That’s quite a contrast to Aciman’s family. His family was Sephardic and they were always trying to distinguish themselves from the Arabs in their midst—to distinguish even between Syrian and Egyptian Jews. Your family didn’t seem to have such an identity crisis in Egypt.

synagogue in downtown Cairo
Synagogue in downtown Cairo, 2006

They’re totally different. My parents were really religious. He may have been a boulevardier, a womanizer, a sinner, a pleasure seeker, and a gambler, but come morning, he was in shul. Aciman’s family was secular.

You were able to go back to Cairo in 2005, with the permission of the Egyptian government. One of the things that surprised you was that after all this time, you felt at home there.

I am an angst-ridden person, and I felt angst-free in Egypt—it seems bizarre. I would look at the Nile, and how calm it was, and I thought the people were awfully nice. If I had my own way, I’d sit with everybody and say, “Now wait a minute, wait! It worked 60 years ago, you know? We got along fine. Why, why can’t we redo that?”

What did older Egyptians say about the Jews who had left?

They never talked about missing Jews, but they all had memories. It was almost like in Germany, where I did reporting for my other book, where they say, “I knew a Jewish family.” In Egypt it was at a more human level. I spoke with our former neighbor. The old woman said, “I liked your mother. She was very sweet to children.” That was the nicest part about it. We weren’t Yehudi. We were simply neighbors and then we had to leave. They were probably bewildered, as bewildered as anybody.

Read article in full

The Jews of Egypt, through the eyes of an Egyptian

Professor Mohamed Aboulghar is an eminent Egyptian obstetrician whose book Yahood Masr (The Jews of Egypt) – from prosperity to dispersion (2005) was reviewed in the September 2007 issue of the Newsletter of the Association of Jews from Egypt (UK). The review is reproduced below, with the AJE’s permission.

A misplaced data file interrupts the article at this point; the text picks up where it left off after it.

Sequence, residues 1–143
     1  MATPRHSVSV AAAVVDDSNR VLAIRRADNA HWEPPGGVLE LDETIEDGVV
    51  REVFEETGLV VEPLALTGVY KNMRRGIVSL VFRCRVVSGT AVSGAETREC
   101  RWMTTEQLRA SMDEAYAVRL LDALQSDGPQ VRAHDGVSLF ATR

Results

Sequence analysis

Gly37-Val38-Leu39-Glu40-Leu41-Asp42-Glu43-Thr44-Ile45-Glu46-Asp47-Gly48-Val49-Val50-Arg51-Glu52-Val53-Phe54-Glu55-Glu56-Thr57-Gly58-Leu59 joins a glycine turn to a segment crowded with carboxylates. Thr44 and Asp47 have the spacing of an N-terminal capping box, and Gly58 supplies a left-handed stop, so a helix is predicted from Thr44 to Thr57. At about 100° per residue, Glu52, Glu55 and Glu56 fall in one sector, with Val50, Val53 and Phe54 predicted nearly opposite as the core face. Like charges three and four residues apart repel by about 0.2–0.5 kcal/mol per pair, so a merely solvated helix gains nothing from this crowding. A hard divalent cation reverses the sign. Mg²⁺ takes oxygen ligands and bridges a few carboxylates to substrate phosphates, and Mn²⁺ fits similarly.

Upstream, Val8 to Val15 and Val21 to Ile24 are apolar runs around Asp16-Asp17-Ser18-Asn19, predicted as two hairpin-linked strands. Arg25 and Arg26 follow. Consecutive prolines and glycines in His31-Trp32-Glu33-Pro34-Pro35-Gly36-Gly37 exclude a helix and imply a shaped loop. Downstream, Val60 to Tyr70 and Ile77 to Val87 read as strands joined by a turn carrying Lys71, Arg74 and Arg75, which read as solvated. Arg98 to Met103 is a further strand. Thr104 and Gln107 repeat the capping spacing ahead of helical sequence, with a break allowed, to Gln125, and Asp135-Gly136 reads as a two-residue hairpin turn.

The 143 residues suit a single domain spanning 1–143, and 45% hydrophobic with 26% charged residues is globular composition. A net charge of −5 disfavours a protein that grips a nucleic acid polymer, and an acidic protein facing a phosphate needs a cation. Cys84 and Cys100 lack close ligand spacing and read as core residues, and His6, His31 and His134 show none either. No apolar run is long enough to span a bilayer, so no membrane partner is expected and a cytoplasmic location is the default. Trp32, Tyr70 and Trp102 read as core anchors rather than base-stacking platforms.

“This is a very interesting book written in Arabic by an Egyptian on the subject of Egyptian Jews, their origins and their recent history, from their ascendancy and prosperity in the early part of the twentieth century to their exodus and dispersion in the second half of that century.

Prof. Aboulghar, 67, is an eminent obstetrician at the University of Cairo specialising in IVF fertility research, and author of many papers in that field. His book on the history of Egyptian Jews, published by Dar El Hilal in 2005, was written after browsing relevant literature and holding discussions and interviews with ex-Egyptian Jews living in Cairo, Paris, Geneva and Florida. He quotes frequently from the works of Joel Beinin, Gudrun Kramer and Shimon Shamir.

“In his book, Prof. Aboulghar gives due credit to the contribution of Egyptian Jewry in the spheres of trade and commerce, finance, education, journalism as well as music and the cinema. He describes the political activities of those Egyptian Jews who became affiliated to communist movements and those who embraced Zionism and emigrated to Israel in 1948. However, he indicates that the majority of Egyptian Jews were apolitical.

“When discussing the position of the community within Egyptian society, Prof. Aboulghar points out that despite the hospitality and generosity accorded to them by the Egyptian people and Government, the Jews, with the exception of the Karaites and the poorer sections living in the Haret-El-Yahoud, never integrated fully. They did not identify with the Egyptian people’s interests and aspirations. They spoke foreign languages at home, mainly French, and did not learn how to read and write Arabic.When the nationality law was passed in the 1940s, many Jews did not apply for Egyptian nationality. They were looking more towards Europe, acquiring its various nationalities instead.

“Moreover, according to Prof. Aboulghar, when the Zionist movement began to establish deeper roots in Palestine and clash with the native Arab population, Egyptian Jews were not sympathetic to the plight of the Palestinians, although some of their leaders voiced their opposition to the Zionist movement and its attempt to influence Egyptian Jewry. The Egyptian people, on the other hand, became increasingly involved with events in Palestine and angered by the treatment of Arabs by Jews. Their attitude to their Jewish community began to veer towards the hostile views of the Muslim Brotherhood. The establishment of the State of Israel with its attendant Arab refugee problem exacerbated anti-Zionist feelings to the extent that many Jews felt insecure and emigrated in 1948-51. Operation Suzannah (when Moshe Marzouk and Shmuel Azar were caught and hanged) contributed to the populist perception that Jews constituted a fifth column in Egypt.

“Finally, the book recounts that the Egyptianisation of commerce and industry, the nationalisation laws that Nasser promulgated and the expulsion, during the Suez war, of British and French nationals of all religions, led to the exodus of the entire community from 1956 onwards. Prof. Aboulghar claims that Jews were not targeted in particular, because other foreign communities, e.g. Greeks and Armenians, also left Egypt around that time. Even during the 1967 war with Israel, when the Egyptian authorities imprisoned Jews and other Egyptians